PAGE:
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Overview:  The Russian Federation continued to prioritize counterterrorism efforts in 2021, primarily focusing on perceived domestic terrorist groups.  Russia has used counterterrorism and “extremism” as pretexts to suppress political opposition and the exercise of human rights, or for other objectives in both domestic and foreign policy.  Russia remained concerned about violent extremist Islamic groups, including those with ideological ties to ISIS and al-Qa’ida.  Following the Taliban takeover of Kabul, Russia has looked to build inroads with the Taliban, both to establish influential regional footholds and out of concern that terrorism would spill over into Central Asia and the broader former Soviet space.

2021 Terrorist Incidents:  There were no reported incidents in Russia in 2021.

Legislation, Law Enforcement, and Border Security:  Under the coordination of the National Antiterrorism Committee, the Federal Security Service (the FSB) — with aid from the Ministry of Internal Affairs (the MVD) and Rosgvardiya (the National Guard of Russia), when appropriate — perform counterterrorism functions.  Russia has continued to use its counterterrorism and anti-extremism legislation as a tool to stifle political opposition, independent media, and certain religious organizations, including Jehovah’s Witnesses, to criminalize the exercise of freedoms of religion or belief, expression, and association.

In 2021, Russia continued to use terrorism as a pretext to stifle internal dissent.  The State Duma (Parliament) adopted three bills meant to silence individuals who provide any dissent toward the government and prevent them from participating in public life.  These bills target Russians who support civil society and religious organizations that have been declared “extremist” or “terrorist” under the law that designates organizations as “undesirable.”

Those bills are

  • Adopted on June 4, Bill No.1165649-7 bans leaders, staff, and supporters of organizations labeled as “extremist” from running for parliamentary elections.  The bill gives Russian authorities the power to label any political group or entity as “extremist.”
  • Adopted on June 9, Bill No.1165650-7 amends the law on “undesirable” organizations and prohibits Russian citizens from participating in activities of these organizations.  It also imposes stricter measures on finances for organizations that operate with Russian bank accounts and those that receive money from persons who have been labeled as foreign agents.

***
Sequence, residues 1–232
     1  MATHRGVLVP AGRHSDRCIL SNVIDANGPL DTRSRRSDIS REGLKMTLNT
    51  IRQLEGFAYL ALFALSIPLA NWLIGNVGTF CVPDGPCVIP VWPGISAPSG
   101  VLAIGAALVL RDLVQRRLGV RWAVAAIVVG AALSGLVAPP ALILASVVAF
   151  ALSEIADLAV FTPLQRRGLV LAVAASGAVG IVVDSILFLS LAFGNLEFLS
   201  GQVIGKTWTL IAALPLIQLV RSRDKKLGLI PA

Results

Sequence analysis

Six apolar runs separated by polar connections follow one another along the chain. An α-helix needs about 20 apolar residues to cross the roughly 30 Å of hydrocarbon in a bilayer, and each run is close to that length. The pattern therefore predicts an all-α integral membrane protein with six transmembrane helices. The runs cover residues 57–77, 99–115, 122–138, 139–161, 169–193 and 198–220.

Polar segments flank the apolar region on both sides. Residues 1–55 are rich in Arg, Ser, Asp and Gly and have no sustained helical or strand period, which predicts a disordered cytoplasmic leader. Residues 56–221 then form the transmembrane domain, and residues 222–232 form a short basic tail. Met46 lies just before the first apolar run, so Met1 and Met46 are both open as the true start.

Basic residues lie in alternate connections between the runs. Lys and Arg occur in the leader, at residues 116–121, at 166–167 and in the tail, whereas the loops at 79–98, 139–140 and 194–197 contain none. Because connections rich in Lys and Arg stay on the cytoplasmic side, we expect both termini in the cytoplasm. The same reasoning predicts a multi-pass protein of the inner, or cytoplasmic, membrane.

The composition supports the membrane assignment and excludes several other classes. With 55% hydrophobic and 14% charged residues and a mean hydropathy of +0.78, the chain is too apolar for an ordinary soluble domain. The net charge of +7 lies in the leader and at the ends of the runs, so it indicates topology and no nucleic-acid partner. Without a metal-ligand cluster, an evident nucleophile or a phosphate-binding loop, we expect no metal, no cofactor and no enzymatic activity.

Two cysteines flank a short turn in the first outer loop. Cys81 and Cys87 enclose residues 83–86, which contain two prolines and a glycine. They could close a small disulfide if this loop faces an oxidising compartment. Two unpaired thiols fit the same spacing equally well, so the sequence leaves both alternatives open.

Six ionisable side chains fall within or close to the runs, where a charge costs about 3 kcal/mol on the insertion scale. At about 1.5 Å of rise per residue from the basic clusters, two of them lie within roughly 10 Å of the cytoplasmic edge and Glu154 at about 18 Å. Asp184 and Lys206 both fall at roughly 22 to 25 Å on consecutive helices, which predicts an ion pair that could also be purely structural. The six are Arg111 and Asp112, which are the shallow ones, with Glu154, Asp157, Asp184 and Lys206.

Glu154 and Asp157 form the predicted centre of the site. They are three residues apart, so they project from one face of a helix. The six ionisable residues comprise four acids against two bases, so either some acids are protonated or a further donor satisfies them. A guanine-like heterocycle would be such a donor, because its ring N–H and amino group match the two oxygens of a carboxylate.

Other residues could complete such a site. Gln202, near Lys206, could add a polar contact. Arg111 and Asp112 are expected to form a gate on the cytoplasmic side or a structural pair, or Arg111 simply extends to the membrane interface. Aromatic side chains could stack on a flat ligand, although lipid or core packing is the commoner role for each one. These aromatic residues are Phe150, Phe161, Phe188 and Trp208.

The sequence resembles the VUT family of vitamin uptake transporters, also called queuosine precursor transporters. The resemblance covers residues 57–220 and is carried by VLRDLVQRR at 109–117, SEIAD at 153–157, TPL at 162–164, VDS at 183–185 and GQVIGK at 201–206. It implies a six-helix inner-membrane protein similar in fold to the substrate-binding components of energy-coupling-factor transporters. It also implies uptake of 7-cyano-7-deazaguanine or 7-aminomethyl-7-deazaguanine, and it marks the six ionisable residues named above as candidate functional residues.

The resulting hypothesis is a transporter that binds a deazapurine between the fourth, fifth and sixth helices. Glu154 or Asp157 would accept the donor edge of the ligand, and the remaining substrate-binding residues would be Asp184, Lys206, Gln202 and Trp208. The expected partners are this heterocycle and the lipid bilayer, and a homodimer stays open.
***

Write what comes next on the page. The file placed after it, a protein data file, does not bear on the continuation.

• Adopted on July 1, Bill No.1165661-7 simplifies the process for charging and convicting those who have been designated as affiliates of “undesirable” organizations.

Russian President Vladimir Putin reported that Russia’s security agencies saw a decline in terrorist threats and claimed that Russia had prevented 32 terrorist attacks over an 11-month span in 2021.  Russia’s FSB Director General Alexander Bortnikov reported in December that terrorist attacks had been averted this year as a result of using “forceful and preventive measures,” according to Russian state news agency TASS.

Additionally, Russian media has claimed that Russia has stopped 62 clandestine cells of international terrorist groups and prevented 926 people involved in terrorist activities from entering Russia.  According to Russian media, the government conducted at least 327 regional counterterrorism exercises and more than 323,000 preventive efforts designed to promote intolerance to terrorism.

Countering the Financing of Terrorism:  In 2021, Russia was a member of FATF, MONEYVAL, and the Eurasian Group on Combating Money Laundering and Financing of Terrorism (EAG).  Its FIU, the Federal Financial Monitoring Service (Rosfinmonitoring), is a member of the Egmont Group.  In addition, according to the federal law “On the Central Bank of Russia (CBR),” the CBR has the authority to monitor activities of Russian financial organizations to assess their compliance with provision of the federal law “On the Prevention of Criminal Proceeds Legalization and Terrorist Financing.”  The CBR monitors the implementation of AML/CFT laws and imposes liability for violations committed by banking institutions.  Criminal cases involving money laundering are investigated by the MVD, the Russian Investigative Committee, and/or the FSB.

Countering Violent Extremism:  According to NGO reports, Russian government authorities, including the MVD’s Center for Countering Extremism and the FSB, continue to misuse the country’s expansive definition of extremism to curtail freedoms of expression, religion or belief, peaceful assembly, and association.  Under new legal amendments, the Russian government has continued to add notable entities, such as Bard College in Annandale, New York, to the “undesirable” organizations list allegedly owing to the “program’s threat to order and security.”

International and Regional Cooperation:  Russia is a member of the Global Counterterrorism Forum and the Collective Security Treaty Organization in addition to being an active participant in several multilateral organizations, including the OSCE, the Council of Europe, the UN, the Eurasian Economic Community, the East Asia Summit, the ASEAN Regional Forum, and APEC.

Following the Taliban takeover of Kabul, Russia and Tajikistan have strengthened their military alliance and held joint exercises at the Tajikistan-Afghanistan border.  These exercises were intended to strengthen Tajik-Russian relations and to fortify border security.

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